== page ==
Severe jaw misalignment in dogs is a significant issue. It can get in the way of eating, barking, and grooming. In the case of some dogs, it can also reduce or change the shape of the space in their mouths, leaving no room for the tongue.
If your dog has an under or overbite, they may simply find it more comfortable to keep their tongue out of the way of it.
Unless the misalignment impedes the dog’s daily life and health, there is little to be done about it. While some breeds are more likely to do this than others, it is a good idea to keep an eye on your dog’s tongue lest they develop side effects of hanging tongue syndrome.
Missing teeth can result in a hanging tongue, especially if the missing teeth are the lower canines.
Lower canine teeth in dogs are kind of like a fence for the tongue. They hold it in and give it something to rest against. If one or both of the canine teeth are missing, the tongue has an easier chance of breaking free from the dog’s mouth.
The same thing goes for the rest of the teeth. The more a dog is missing, the more likely their tongue will slip out. Check to see if the side your dog sticks their tongue out on corresponds to the side that is missing teeth.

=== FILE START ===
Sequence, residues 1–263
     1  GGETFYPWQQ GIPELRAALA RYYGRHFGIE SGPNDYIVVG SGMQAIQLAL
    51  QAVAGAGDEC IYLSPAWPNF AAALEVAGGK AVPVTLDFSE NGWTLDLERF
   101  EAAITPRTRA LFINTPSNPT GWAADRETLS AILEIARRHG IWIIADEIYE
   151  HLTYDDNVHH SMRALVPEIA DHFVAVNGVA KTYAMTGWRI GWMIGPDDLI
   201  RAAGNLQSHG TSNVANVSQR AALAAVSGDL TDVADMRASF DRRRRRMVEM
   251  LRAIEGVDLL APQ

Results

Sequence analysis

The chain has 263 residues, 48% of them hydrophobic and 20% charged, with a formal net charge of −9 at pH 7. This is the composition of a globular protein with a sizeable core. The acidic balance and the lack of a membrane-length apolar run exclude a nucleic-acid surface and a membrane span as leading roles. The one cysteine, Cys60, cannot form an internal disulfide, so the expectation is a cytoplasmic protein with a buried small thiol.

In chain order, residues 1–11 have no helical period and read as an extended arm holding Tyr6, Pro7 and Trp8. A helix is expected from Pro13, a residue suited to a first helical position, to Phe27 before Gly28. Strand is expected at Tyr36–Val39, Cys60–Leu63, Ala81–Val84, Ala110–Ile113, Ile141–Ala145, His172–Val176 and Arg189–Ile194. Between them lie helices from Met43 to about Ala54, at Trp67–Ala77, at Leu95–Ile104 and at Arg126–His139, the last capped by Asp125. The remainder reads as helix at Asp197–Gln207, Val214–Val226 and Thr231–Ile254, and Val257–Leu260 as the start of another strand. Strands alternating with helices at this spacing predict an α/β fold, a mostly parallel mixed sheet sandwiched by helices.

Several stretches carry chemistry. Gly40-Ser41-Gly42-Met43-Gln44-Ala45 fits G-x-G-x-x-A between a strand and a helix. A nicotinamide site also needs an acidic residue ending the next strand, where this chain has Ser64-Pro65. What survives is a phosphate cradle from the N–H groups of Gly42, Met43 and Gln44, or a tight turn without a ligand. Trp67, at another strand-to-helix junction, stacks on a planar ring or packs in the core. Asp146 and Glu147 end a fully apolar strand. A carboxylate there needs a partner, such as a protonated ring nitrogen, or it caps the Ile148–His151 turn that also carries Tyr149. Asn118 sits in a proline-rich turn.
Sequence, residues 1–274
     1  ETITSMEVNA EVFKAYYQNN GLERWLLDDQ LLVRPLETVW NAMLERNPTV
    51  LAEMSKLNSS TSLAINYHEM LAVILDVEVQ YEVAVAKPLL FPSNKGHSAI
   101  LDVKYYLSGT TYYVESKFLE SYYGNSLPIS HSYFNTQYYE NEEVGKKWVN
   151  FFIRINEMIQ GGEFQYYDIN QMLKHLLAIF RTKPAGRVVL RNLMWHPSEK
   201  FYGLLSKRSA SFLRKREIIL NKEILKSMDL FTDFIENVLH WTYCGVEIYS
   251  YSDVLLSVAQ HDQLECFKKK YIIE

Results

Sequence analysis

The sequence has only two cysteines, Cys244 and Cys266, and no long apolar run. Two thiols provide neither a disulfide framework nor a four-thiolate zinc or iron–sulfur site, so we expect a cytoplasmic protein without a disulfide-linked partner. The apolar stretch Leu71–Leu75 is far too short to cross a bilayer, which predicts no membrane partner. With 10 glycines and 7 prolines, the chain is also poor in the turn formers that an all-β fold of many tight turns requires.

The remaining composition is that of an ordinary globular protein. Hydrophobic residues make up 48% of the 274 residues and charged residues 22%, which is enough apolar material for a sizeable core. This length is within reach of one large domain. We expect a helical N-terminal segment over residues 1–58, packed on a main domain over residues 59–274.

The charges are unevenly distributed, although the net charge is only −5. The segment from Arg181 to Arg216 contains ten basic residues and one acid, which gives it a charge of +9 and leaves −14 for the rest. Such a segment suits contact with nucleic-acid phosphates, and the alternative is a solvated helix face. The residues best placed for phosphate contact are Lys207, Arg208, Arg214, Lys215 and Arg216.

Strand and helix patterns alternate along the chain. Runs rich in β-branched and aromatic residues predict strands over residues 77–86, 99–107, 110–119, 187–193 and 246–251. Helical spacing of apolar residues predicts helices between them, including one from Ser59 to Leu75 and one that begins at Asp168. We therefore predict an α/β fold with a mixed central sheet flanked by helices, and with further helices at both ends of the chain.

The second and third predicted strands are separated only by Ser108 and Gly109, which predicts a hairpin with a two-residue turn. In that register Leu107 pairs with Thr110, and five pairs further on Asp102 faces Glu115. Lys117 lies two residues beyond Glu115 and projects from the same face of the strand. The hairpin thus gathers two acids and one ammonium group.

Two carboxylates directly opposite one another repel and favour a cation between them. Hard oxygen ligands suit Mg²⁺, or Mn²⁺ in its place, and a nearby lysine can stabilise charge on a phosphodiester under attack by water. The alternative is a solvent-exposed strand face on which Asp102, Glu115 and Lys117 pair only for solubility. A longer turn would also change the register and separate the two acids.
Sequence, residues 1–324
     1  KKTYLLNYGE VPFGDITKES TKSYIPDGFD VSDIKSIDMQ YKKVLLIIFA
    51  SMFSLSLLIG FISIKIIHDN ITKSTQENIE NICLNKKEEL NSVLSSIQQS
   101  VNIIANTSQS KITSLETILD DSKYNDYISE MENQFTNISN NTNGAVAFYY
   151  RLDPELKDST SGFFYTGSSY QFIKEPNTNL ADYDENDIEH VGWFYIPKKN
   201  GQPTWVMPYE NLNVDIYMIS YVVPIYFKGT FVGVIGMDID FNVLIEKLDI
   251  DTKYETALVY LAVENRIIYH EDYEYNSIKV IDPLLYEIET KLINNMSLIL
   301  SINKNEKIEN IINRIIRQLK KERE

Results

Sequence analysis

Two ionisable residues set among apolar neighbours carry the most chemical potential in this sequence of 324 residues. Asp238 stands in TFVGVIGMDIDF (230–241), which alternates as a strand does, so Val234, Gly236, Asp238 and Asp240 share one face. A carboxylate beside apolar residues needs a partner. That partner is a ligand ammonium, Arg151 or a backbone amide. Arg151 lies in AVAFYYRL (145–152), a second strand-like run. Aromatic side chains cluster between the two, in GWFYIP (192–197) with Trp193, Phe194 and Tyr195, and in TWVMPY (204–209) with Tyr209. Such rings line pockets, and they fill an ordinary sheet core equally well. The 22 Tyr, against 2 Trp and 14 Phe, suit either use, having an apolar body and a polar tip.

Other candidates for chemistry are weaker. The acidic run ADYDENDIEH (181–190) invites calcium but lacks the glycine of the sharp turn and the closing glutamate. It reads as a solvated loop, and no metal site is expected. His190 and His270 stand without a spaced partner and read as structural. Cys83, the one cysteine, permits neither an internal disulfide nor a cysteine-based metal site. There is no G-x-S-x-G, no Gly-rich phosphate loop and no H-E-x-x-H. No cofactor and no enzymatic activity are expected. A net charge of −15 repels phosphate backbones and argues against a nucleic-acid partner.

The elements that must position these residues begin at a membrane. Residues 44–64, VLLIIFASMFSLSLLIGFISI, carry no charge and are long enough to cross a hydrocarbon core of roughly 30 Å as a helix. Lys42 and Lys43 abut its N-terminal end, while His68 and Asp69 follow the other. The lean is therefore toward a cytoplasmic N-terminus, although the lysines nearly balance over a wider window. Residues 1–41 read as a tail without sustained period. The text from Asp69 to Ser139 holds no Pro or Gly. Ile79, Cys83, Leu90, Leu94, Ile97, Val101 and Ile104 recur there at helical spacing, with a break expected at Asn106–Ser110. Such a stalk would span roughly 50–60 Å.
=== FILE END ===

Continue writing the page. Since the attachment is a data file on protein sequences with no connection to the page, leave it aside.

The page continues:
Many breeds of dogs are prone to deformities. Some are so specially bred that the entire breed is a perversion of the source.
Dogs with extremely flat faces have a great many health problems and trouble breathing. They are also prone to hanging tongue syndrome.
Any dog – whether due to breed or deformities – that has a shorter snout than their tongue is long will have trouble keeping it in their mouth.
In the case of extreme deformity, the inside of the mouth may be so misshapen that there is simply no room for the tongue.
Severe trauma or injury to the mouth and jaw of a dog may force their tongue to hang out. The most common reasons this may happen are broken bones, uneven scarring, and nerve damage.
Broken bones and misaligned healing can change the shape of a dog’s jaw. The hanging tongue may be permanent due to this or just a temporary side effect during recovery.